Selected Shorts: Love, Cake, and Kites

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4 segments

If there were a recipe for this program, presented by guest host Parker Posey, it would say “just add happiness, and stir.”  Novelist Michael Chabon is the author of such sprawling and convoluted entertainments as The Amazing Adventures of Kavalier & Clay (an excerpt will be featured on a forthcoming SELECTED SHORTS radio program) and The Yiddish Policemen’s Union, but his short essay “Art of Cake” offers a sweet tribute to his Mom’s cooking. It also recalls his own youthful adventures in the kitchen, from his first solo attempt (“Velvet Crumb Cake”) to his eventual role as the family chef.  Chabon’s most recent novel is “Telegraph Avenue,” but his website says he’s busy cooking potato latkes.   

“Art of Cake” is performed by David Furr.  Recent work includes “The Explorers Club” at Manhattan Theatre Club, “As You Like It” with Shakespeare in the Park, and roles in “Killing Lincoln,” “Elementary,” and “NCIS: Los Angeles.”

“Art of Cake” was such a celebration of home cooking, and the importance of the family legacy of recipes, that we decided to visit two local home-taught cooks, and ask them if Chabon’s memoir struck a chord.  Emily and Melissa Elsen are the owners of the Brooklyn-based pie shop and café Four & Twenty Blackbirds.  They gave us a tour, and talked about how Chabon’s Bisquick box—and his cookbook collection—struck a chord.  The sisters are also the authors of the cookbook The Four & Twenty Blackbirds Pie Book: Uncommon Recipes from the Celebrated Brooklyn Pie Shop.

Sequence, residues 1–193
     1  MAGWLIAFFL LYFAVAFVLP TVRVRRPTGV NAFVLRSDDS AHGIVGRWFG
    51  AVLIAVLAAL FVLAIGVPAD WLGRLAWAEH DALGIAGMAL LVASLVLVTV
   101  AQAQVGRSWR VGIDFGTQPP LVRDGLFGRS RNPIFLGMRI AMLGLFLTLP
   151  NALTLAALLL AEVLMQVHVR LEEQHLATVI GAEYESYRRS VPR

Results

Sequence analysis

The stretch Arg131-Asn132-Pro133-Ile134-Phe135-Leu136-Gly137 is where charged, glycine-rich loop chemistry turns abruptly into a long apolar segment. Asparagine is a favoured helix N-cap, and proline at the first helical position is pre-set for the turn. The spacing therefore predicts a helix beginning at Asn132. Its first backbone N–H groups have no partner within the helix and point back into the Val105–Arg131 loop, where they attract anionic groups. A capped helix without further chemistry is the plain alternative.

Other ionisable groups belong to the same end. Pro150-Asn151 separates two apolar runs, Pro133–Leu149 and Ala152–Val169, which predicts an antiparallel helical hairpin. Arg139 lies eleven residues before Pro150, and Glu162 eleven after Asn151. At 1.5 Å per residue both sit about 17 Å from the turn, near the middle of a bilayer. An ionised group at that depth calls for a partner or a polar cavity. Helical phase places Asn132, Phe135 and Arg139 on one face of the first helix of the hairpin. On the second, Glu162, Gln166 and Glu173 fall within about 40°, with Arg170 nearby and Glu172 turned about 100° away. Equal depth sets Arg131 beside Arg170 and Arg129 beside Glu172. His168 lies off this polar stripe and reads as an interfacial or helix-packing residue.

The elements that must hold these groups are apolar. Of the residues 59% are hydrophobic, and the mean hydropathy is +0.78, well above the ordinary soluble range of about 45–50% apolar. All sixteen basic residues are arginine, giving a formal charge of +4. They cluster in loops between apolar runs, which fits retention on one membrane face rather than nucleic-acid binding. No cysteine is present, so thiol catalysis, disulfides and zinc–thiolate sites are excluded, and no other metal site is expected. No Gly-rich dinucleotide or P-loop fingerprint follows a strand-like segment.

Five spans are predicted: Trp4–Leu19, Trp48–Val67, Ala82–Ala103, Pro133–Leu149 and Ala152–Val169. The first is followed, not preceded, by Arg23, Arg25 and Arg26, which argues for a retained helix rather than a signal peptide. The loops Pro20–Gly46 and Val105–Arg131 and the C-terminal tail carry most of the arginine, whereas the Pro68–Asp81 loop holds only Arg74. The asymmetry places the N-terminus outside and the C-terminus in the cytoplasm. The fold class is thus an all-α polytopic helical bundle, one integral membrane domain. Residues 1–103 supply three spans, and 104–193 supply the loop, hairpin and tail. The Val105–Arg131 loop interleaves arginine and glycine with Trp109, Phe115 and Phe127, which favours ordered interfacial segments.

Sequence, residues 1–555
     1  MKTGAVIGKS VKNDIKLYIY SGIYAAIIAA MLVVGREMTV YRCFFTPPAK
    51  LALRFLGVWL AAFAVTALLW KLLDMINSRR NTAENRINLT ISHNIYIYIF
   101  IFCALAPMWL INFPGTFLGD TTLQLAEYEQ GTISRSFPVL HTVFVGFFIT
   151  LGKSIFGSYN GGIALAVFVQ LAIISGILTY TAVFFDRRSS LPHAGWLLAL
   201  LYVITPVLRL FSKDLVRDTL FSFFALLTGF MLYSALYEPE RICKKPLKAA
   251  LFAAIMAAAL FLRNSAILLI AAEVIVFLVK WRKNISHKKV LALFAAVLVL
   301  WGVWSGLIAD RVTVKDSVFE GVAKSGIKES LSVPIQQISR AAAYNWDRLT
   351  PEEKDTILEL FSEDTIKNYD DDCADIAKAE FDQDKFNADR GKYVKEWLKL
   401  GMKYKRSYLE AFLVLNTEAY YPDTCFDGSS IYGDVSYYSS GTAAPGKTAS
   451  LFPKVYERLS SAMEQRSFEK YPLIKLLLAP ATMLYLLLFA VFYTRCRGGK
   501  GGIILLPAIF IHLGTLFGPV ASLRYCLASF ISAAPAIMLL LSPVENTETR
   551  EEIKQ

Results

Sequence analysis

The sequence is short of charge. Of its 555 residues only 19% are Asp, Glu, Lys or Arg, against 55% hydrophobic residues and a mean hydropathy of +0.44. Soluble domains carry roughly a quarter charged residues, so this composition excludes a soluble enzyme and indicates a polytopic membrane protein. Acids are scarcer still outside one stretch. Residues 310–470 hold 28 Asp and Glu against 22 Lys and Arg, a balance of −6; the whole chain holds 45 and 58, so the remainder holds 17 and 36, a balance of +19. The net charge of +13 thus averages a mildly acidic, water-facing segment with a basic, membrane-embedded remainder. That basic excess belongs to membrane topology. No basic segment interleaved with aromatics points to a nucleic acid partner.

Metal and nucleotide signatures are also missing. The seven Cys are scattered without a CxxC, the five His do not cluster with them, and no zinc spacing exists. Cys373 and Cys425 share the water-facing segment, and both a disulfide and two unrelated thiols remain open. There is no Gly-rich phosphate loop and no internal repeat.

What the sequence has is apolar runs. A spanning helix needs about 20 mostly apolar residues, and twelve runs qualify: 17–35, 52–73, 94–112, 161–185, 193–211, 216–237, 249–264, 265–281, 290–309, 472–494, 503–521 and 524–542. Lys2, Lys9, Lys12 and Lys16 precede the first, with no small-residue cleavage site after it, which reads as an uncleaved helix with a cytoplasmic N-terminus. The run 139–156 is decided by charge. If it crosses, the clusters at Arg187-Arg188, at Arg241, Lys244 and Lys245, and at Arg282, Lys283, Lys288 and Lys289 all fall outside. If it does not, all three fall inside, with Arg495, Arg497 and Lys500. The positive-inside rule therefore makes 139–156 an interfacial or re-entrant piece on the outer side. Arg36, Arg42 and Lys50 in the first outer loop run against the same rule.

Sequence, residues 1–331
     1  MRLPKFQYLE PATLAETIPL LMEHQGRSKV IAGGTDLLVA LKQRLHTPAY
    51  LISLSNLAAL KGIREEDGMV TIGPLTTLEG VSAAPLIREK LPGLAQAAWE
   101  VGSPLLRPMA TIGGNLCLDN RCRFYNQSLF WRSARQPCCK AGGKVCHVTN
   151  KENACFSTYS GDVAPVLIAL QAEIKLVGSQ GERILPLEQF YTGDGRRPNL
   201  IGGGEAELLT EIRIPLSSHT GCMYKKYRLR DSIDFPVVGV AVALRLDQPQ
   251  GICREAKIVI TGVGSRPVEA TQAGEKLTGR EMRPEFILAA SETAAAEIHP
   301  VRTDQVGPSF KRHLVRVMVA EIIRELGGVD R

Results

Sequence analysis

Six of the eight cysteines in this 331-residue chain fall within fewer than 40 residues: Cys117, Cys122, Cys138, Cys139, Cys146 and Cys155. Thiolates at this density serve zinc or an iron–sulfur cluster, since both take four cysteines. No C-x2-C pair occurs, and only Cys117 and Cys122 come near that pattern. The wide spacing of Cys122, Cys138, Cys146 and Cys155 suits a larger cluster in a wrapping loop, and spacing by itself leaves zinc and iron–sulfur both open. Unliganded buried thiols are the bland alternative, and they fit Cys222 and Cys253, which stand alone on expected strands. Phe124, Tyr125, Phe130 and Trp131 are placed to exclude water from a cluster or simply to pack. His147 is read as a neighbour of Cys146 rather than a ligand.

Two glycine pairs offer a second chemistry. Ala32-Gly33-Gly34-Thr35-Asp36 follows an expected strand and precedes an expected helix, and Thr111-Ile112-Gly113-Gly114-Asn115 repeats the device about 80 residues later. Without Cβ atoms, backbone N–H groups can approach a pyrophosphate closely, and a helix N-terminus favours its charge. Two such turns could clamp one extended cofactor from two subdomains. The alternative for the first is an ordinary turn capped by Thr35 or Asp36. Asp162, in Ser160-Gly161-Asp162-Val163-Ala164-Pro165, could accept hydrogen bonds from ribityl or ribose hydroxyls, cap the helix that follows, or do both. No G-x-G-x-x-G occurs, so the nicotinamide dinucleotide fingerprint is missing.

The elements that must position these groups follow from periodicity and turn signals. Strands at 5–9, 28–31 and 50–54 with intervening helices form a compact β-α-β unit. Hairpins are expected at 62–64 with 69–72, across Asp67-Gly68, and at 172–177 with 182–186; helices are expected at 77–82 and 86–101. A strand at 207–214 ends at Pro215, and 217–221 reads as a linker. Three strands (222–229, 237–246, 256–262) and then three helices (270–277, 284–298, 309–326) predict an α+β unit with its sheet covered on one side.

You can hear some of our interview with the Elsens in this week’s program; and you can listen to the complete version below (“Pies Rule!”).

Food isn’t the only thing to cause great hunger.  There’s also love.  Tony-winner Robert Sean Leonard (“The Invention of Love”) is gripped by fatal attractions in Mark Strand’s “True Loves”.  According to the narrator, t he story is “a confession” of the number of times he’s been in love—and in and out of marriage. 

Our program ends with a touching rite-of-passage story by Justin Torres —“Trash Kites." Its teenage protagonists don’t have much, but they are rich in imagination and yearning.  The reader is Colman Domingo, a Tony-Award nominee for his performance in “The Scottsboro Boys”; other theater work includes Athol Fugard’s “Blood Knot,” and “Passing Strange.”  He’s appeared in the films “Lincoln,” “The Butler,” and “Lucky Dog.” 

“Art of Cake,” by Michael Chabon, performed by David Furr

“True Loves,” by Mark Strand, performed by Robert Sean Leonard 

“Trash Kites,” by Justin Torres performed by Colman Domingo 

(This is a repeat broadcast)

The SELECTED SHORTS theme is David Peterson's “That's the Deal,” performed by the Deardorf/Peterson Group.

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And for more thoughts on the stories in SHORTS, check out literary commentator Hannah Tinti’s site at